A mysterious, glowing purple orb found deep beneath California waters has left researchers puzzled. What exactly is this strange blob?
The blob appears like a bright and dazzling purple disco ball under the sea. The Smithsonian Museum even compared it to an unhatched Pokémon. But the purple blob is something else.
In a recent expedition, experts on the vessel E/V Nautilus discovered the peculiar blob on the bottom of the ocean near the Channel Islands National Marine Sanctuary. They recovered it with the help of a remotely operated vehicle.
In a video capturing the precise moment they discovered the blob, the researchers could be heard expressing their surprise.
"We have like a dark purple blob on the left," one of the scientists said.
"Blobus purplus," another joked.
Thus began the attempt to find out what the blob is. One of their initial hypotheses is that the blob is an embryo of some sort or some kind of spider egg sac.
"Maybe we should leave it," a researcher said. "[W]e don't want to mess with spider egg sacks."
The team was able to suction up the orb, which has a diameter of about 5 centimeters (1.96 inches), after it encountered a meddling red crab.
The purple blob was taken from an underwater canyon approximately 5,301 feet (1,616 meters) deep, according to Susan Poulton, a spokesperson from the research team.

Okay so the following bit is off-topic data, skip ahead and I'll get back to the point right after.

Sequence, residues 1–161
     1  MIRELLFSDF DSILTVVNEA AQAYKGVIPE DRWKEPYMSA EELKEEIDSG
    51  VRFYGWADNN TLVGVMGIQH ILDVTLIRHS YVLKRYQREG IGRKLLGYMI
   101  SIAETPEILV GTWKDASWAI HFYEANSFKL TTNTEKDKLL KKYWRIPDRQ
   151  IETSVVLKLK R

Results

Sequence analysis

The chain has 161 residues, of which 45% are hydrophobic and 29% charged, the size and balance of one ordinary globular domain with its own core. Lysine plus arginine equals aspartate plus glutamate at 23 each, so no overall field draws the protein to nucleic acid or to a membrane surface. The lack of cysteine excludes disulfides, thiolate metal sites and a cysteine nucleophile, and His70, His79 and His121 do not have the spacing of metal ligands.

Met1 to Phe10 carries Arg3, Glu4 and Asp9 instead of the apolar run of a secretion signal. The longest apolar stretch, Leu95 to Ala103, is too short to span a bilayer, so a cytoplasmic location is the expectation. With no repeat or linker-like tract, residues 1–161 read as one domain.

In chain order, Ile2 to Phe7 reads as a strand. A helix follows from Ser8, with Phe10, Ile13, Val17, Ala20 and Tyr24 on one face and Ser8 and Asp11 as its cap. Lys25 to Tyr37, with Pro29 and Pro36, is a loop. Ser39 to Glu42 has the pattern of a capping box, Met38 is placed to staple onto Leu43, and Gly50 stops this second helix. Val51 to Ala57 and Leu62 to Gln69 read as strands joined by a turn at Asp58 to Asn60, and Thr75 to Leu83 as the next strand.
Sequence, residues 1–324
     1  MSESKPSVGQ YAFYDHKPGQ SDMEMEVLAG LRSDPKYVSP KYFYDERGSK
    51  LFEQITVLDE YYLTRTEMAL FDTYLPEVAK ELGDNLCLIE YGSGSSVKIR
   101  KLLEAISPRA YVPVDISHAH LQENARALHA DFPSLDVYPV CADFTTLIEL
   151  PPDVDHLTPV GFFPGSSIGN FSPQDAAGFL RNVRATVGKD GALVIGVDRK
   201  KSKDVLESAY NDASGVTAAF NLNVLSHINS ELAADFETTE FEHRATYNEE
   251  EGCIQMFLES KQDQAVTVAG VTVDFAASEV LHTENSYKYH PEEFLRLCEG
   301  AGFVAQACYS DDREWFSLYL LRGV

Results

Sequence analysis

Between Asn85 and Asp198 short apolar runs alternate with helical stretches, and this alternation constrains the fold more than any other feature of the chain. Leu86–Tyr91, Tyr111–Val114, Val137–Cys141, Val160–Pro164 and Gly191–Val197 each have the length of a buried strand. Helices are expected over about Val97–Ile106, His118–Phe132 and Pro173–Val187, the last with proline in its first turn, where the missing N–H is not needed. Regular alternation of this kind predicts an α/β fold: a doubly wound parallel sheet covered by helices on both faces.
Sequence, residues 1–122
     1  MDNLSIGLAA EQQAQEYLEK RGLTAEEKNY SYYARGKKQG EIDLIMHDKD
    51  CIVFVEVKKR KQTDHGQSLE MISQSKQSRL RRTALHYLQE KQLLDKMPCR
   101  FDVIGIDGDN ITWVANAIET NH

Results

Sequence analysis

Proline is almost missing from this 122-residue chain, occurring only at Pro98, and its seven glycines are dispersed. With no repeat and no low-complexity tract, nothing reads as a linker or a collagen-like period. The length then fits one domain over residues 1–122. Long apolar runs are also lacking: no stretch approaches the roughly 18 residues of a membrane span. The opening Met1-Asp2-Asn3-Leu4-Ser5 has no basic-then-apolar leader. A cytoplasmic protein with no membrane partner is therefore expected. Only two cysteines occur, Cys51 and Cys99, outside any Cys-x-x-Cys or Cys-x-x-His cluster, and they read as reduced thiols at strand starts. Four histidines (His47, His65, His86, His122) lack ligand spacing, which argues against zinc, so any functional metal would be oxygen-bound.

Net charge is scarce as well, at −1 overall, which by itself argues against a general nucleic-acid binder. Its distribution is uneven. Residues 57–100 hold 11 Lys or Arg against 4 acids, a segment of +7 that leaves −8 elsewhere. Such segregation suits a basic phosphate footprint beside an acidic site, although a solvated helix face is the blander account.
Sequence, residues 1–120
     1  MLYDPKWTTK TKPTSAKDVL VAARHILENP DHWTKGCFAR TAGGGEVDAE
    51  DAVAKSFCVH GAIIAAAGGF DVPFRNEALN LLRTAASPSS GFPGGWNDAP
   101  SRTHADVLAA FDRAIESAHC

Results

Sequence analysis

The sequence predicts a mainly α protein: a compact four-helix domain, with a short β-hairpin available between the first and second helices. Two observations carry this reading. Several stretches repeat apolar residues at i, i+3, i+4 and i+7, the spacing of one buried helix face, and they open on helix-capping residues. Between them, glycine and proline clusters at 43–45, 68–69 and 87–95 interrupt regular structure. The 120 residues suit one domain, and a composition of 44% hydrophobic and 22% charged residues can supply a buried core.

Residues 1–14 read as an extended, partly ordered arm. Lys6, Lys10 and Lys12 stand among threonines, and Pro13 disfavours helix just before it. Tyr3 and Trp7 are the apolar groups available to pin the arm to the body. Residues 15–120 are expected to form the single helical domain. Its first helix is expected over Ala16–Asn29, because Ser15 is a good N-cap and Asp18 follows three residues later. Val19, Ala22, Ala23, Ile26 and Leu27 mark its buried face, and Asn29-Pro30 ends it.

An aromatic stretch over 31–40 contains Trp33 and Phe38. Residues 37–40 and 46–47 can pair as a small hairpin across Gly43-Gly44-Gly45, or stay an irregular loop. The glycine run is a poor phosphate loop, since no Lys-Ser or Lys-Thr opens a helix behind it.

And although the scientists brought the tiny blob on board the E/V Nautilus to examine it, they still have no concrete idea of what it really is.
After a closer inspection, however, researchers believe that the purple blob may be most likely a type of sea slug known as pleurobranch.
This sea slug is a relative of the nudibranch, which is known by scientists for its brilliant hues. The nudibranch also resides in a wide range of environments, including warm and cold waters on variety of ocean floors. Most of these species are only about the size of a hand or a finger.
However, although this hypothesis may be plausible, the purple color of the mysterious creature raises some questions.
According to the Nautilus team, none of the known species of pleurobranchs in California are purple. This suggests that the purple blob may be a new species.
And in order to determine whether the object is a pleurobranch, scientists will still have to find rhinophores or ear-like structures on the purple blob, as well as a gill under the mantle under the right side. These features are commonly present among pleurobranchs.
Meanwhile, the team has sent samples of the purple blob to their colleagues at the Harvard Museum of Comparative Zoology to consult about its identification.
Watch the video of the purple blob's discovery below.